In addition appellant Tercero contends that

(4) the district court erred in denying Tercero's request to call the attorneys of two co-defendants as witnesses of his line-up identification; and

(5) the evidence on Count IX was insufficient to warrant his conviction.

(6) Finally, all of the appellants contend that the district court erred in allowing the prosecutor to withhold exculpatory information pursuant to her duty under Brady v. Maryland, on the ground that she had promised two co-defendants that their conversations with her would be "secret".

III. Jencks Material

Appellants contend that the Government failed to provide properly discernible impeachment material until well after the cross-examination of informant, Larry Jackson, the Government's key witness. The Jencks Act, 18 U.S.C. Sec. 3500, gives defendants the right to inspect all documents containing statements of a government witness which relate to the subject matter of that witness's testimony. This disclosure is required for impeachment purposes only. United States v. Polizzi, 500 F.2d 856, 893 (9th Cir.1974), cert. denied, 419 U.S. 1120, 95 S.Ct. 802, 42 L.Ed.2d 820 (1975). Failure to comply with the Jencks Act may result in striking the testimony, 18 U.S.C. Sec. 3500(d), United States v. Birrell, 421 F.2d 665, 667 (9th Cir.1970), or even reversal of the conviction, 18 U.S.C. Sec. 3500(d), Sperling v. United States, 692 F.2d 223, 227 (2d Cir.1982).

The prosecution had overlooked, until after Jackson testified, an edited version of a statement made by Jackson. The defendants had access to the original unedited version of the statement. Upon discovering the edited statement, which had only a few variations from the unedited version, the prosecutor gave copies to defense counsel. The report showed that the edited version had been read by Jackson. The defendants moved to strike Jackson's testimony or to declare a mistrial.

The court denied both motions, finding that the prosecutor had acted in good faith and that the late disclosure of the edited version did not prejudice the defendants. The court, in making this ruling, found that although the document would impeach Jackson, the defense already had "as extensive impeaching material as this court has ever encountered in over 30 years of experience." Even though the court found that "any further evidence is really superfluous" it allowed the defendants to further cross-examine Jackson. The second cross-examination filled 68 pages of transcript. Buzard and Dupuy contend that the court erred and that a reversal of the convictions is mandated. The district court's finding of no prejudice is reversible only if it is clearly erroneous. Campbell v. United States, 373 U.S. 487, 495, 83 S.Ct. 1356, 1361, 10 L.Ed.2d 501 (1963).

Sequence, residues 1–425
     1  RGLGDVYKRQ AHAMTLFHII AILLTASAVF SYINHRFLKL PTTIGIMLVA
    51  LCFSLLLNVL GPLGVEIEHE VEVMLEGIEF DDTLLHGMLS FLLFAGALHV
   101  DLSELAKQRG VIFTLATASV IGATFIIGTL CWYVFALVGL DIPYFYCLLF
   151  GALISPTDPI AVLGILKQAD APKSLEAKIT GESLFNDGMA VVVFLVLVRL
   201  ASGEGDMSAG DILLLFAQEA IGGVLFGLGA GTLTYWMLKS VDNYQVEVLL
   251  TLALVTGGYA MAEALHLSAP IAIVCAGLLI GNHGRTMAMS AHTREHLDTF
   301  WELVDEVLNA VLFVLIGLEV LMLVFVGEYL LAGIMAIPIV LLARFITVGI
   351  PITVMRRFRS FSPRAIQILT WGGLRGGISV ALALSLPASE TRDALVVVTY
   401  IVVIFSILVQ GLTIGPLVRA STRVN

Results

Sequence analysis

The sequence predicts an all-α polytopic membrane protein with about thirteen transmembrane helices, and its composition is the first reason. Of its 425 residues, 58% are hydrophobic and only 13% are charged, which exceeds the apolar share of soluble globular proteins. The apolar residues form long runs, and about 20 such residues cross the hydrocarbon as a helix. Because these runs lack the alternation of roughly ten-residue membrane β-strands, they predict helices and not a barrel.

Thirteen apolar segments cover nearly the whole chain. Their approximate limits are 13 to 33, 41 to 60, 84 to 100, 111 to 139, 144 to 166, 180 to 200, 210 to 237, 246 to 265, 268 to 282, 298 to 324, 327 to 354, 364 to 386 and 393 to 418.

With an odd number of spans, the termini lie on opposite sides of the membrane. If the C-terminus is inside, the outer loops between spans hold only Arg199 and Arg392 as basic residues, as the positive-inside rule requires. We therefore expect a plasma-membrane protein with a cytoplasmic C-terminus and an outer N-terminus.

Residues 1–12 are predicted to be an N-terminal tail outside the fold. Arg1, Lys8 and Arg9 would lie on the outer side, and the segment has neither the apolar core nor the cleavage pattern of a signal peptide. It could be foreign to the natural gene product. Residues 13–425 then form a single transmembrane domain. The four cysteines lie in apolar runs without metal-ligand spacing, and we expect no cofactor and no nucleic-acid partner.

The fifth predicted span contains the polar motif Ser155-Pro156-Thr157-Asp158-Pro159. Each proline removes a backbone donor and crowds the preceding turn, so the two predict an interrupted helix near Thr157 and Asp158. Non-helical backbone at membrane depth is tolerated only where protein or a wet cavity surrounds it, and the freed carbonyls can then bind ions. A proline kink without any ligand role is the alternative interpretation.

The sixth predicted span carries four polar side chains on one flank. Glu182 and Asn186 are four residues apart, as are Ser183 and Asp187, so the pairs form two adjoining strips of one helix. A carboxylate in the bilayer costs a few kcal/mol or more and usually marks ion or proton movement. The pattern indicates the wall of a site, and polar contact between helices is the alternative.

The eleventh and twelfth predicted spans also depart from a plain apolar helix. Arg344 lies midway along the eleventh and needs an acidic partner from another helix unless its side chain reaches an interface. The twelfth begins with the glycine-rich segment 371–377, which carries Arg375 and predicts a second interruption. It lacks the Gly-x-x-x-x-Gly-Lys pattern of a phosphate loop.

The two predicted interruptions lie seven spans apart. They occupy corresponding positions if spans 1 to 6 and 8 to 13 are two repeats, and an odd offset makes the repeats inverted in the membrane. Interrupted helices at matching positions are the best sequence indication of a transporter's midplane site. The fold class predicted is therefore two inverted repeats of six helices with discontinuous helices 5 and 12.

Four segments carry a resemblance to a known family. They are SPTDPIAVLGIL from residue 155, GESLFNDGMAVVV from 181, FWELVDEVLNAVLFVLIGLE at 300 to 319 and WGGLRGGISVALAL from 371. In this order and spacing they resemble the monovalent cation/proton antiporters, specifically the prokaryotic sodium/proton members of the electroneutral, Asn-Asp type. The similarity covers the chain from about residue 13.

The appellants are not claiming that there was no disclosure, but rather that the delayed disclosure was prejudicial. In a similar situation, this Circuit has concluded that untimely disclosure does not require striking a witness's testimony or calling a mistrial where the defendant is not prejudiced and the untimely disclosure was not "willful avoidance and egregious dereliction of the prosecutor's statutory obligation." Polizzi, 500 F.2d at 893. Furthermore, "[t]he administration of the Jencks Act is entrusted to the 'good sense and experience' of the district judge 'subject to appropriately limited review of appellate courts.' " United States v. Parker, 549 F.2d 1217, 1224 (9th Cir.), cert. denied, 430 U.S. 971, 97 S.Ct. 1659, 52 L.Ed.2d 365 (1977).

In this case, during the course of the first cross-examination, which lasted five days, the defendants brought out extensive impeaching evidence, including Jackson's propensity to lie and his mistreatment of his wife. The court found that the inconsistencies between Jackson's original statement and his present testimony would only serve to show that Jackson was indeed prone to lie. In addition, the defendants had access to the unedited version and had used it in the original cross-examination. The court's conclusion that the late disclosure did not prejudice the defendants is not clearly erroneous.

The court's finding that the prosecutor had acted in good faith was based upon the prosecutor's prompt disclosure (within a few hours) upon discovery of the document. The late discovery was due to the volume of the documents and the fact that a case agent had been directed to go through the file and make copies of all pertinent documents to give to the defendants. Although he found the unedited version, he failed to discover the edited version. This oversight could not be labeled as a "willful avoidance and egregious dereliction of the prosecutor's statutory obligation." Cf. Polizzi, 500 F.2d at 893. Neither a mistrial nor a striking of Jackson's testimony was required.

IV. Prosecutor as Witness

Appellants next contend that the district court violated their Sixth Amendment right to compel the testimony of witnesses by...